Treating Autism with Integrative Medicine

Andrew Schorr:

Now joining us again is Dasha's mom, Kaitlin Fox.  Kaitlin, so you've lived it.  You've lived this care for your daughter at UCSF, an integrative holistic approach.  What would you say to parents, who may be listening, who are curious about all of this?  What would you say to them, so that they can get the best for their child? 

Kaitlin Fox:

I would say that you should be willing to think outside the box when it comes to this.  Do your research.  Don't try something that could be dangerous for your child.  I think there's a lot of people pedaling miracle recovery things that could end up being more dangerous than your child having autism.  I think that you need to be determined to get the best for your child and keep searching, keep trying new things until you find what works. 

And have a good doctor, like Dr. Newmark, to balance these sorts of things off of, and think, okay, well, what could be bothering her in her diet?  Let's run this test.  Is her gut traumatized?  Do we need to work on getting probiotics in there and controlling yeast?  And, you know, thinking, okay, well, maybe this artificial flavoring is affecting their behavior, or maybe there's a vitamin deficiency, before we jump to things like, well, let's just give an antidepressant because they're aggressive.  There are other paths that you might be surprised at how much of a result you could get from trying that alternative path.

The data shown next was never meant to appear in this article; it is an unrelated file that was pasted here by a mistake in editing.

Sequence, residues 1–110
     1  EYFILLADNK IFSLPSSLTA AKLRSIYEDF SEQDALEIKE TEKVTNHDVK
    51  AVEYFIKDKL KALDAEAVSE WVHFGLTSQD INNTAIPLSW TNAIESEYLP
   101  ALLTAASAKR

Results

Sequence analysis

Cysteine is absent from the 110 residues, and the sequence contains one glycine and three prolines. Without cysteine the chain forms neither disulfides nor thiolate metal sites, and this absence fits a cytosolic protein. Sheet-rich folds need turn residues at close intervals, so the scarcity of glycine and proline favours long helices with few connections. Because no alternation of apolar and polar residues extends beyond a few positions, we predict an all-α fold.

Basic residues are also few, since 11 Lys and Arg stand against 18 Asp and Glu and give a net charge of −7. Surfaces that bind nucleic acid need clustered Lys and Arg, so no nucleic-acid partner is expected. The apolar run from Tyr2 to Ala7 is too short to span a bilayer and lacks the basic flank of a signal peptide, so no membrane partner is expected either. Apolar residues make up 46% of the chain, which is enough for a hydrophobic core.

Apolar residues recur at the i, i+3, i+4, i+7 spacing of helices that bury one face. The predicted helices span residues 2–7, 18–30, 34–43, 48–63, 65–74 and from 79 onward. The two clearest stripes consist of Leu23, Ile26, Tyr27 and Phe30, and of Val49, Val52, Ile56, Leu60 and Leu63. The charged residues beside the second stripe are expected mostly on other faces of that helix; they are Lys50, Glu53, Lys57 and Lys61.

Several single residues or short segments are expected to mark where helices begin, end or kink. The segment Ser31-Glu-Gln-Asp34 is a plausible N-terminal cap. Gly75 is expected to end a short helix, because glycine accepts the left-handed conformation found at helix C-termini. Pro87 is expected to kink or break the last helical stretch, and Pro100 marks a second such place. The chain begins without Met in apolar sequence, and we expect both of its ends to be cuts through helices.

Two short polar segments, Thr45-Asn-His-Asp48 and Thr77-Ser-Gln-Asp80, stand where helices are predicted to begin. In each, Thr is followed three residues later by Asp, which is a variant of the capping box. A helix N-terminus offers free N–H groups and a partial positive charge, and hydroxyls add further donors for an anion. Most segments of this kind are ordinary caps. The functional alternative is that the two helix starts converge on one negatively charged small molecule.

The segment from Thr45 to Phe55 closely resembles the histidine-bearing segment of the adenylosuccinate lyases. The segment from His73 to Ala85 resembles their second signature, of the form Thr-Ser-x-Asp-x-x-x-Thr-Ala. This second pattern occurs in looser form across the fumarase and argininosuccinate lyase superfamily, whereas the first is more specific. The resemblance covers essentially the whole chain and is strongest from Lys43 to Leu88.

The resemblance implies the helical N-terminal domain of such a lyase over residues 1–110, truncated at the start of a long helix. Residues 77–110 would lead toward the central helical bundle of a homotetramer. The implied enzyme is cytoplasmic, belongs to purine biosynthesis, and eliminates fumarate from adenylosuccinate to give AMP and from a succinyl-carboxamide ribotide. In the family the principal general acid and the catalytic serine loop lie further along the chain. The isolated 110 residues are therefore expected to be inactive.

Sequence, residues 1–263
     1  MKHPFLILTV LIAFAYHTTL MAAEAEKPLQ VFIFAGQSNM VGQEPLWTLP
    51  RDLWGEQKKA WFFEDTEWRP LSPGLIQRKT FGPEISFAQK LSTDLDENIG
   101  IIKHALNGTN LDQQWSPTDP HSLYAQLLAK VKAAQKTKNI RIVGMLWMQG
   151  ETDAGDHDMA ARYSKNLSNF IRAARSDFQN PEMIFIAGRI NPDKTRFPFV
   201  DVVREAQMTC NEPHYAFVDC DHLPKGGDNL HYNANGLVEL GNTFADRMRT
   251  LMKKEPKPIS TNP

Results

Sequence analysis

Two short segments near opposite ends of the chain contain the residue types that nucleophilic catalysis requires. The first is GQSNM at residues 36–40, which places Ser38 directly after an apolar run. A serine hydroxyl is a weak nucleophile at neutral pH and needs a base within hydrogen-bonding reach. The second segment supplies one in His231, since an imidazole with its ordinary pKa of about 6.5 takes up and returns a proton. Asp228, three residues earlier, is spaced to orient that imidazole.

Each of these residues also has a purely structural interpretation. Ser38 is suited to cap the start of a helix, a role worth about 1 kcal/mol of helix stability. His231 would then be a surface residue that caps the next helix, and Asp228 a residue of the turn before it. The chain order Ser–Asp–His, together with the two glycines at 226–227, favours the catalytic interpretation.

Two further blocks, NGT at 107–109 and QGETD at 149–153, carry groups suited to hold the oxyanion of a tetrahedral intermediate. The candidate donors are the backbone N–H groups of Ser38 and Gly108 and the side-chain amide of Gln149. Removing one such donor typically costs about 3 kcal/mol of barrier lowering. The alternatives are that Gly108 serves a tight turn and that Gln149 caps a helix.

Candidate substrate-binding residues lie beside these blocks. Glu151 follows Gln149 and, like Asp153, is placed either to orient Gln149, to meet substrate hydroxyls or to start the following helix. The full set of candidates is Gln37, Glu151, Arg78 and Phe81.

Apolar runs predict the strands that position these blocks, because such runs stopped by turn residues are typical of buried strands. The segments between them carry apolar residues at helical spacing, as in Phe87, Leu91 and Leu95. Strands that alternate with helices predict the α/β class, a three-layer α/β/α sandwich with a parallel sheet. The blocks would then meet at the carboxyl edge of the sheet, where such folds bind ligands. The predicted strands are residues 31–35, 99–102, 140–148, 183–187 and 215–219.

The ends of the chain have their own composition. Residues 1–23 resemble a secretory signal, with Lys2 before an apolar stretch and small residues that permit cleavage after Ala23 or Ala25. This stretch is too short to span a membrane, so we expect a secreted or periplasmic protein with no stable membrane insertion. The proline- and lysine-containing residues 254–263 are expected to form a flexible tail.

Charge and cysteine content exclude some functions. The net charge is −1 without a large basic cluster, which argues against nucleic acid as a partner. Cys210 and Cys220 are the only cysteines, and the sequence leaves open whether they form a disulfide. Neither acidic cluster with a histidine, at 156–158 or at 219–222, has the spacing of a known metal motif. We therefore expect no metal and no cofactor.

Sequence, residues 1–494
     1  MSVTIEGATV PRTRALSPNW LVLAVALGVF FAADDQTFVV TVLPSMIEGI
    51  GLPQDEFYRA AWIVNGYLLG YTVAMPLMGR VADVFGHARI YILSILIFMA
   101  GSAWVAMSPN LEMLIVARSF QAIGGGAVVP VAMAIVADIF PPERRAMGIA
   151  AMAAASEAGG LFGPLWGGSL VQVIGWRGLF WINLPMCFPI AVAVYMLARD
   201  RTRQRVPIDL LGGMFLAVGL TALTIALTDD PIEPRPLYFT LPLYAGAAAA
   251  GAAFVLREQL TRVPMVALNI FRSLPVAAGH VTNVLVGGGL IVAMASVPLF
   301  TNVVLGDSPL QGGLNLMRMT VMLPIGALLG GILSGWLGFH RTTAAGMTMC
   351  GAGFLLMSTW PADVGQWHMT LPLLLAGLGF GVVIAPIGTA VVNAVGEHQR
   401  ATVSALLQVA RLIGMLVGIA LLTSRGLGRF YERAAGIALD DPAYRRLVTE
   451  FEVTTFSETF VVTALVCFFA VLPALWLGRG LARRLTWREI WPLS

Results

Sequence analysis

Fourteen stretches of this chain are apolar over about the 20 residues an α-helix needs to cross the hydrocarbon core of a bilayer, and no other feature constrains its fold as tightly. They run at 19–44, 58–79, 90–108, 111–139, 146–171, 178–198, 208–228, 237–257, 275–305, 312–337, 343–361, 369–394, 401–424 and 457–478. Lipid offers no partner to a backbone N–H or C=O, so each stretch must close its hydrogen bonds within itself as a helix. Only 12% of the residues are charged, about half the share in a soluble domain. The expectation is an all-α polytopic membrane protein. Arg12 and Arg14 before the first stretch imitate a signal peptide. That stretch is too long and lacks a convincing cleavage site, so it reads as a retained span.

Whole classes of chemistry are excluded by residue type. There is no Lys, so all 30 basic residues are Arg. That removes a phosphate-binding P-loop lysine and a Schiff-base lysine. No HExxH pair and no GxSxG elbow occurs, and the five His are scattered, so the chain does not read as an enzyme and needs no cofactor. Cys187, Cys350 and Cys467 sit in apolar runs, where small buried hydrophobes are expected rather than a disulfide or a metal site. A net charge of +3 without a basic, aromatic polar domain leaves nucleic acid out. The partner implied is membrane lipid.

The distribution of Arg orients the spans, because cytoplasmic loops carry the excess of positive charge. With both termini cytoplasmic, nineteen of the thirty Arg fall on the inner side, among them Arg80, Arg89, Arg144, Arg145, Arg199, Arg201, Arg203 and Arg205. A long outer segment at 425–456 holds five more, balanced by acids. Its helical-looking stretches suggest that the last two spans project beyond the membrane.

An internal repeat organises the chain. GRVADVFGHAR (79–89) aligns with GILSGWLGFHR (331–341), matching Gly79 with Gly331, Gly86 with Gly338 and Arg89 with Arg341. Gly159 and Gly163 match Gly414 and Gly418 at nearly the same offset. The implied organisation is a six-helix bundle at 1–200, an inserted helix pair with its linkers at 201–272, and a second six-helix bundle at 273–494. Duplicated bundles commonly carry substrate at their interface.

Andrew Schorr:

One last question for you is, with the quality care that you agree you're getting, what is your hope for Dasha for the future, for her life? 

Kaitlin Fox:

My hope is that she reaches her full potential and that she finds happiness there, whatever that might be.  If she's trying her best, and we've given her the tools to be successful, and to make progress, wherever she ends up, that she's made the most progress possible and she is in a place where she is content, then that is where I will be happy, too. 

Andrew Schorr:

Well, as we heard Dr. Newmark say earlier, tremendous credit goes to very loving, devoted parents such as you, Kaitlin, so thank you for all you do.  You know, Dasha doesn't have a loud voice at this point, but I know if she could, she would be very, very thankful and know she was blessed, too.  Thank you so much for being with us. 

Kaitlin Fox:

Thank you. 

Andrew Schorr:

All right.  Andrew Schorr on Patient Power, helping you understand more about integrative medicine and how it's applied to autism at just a handful of centers, with UCSF, in San Francisco, being one of them, and how it can benefit a child like Dasha. 

Thank you for joining us.  I'm Andrew Schorr.  Remember, knowledge can be the best medicine of all.

Please remember the opinions expressed on Patient Power are not necessarily the views of UCSF Medical Center, its medical staff or Patient Power. Our discussions are not a substitute for seeking medical advice or care from your own doctor. That’s how you’ll get care that’s most appropriate for you.

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Page last updated on February 20, 2019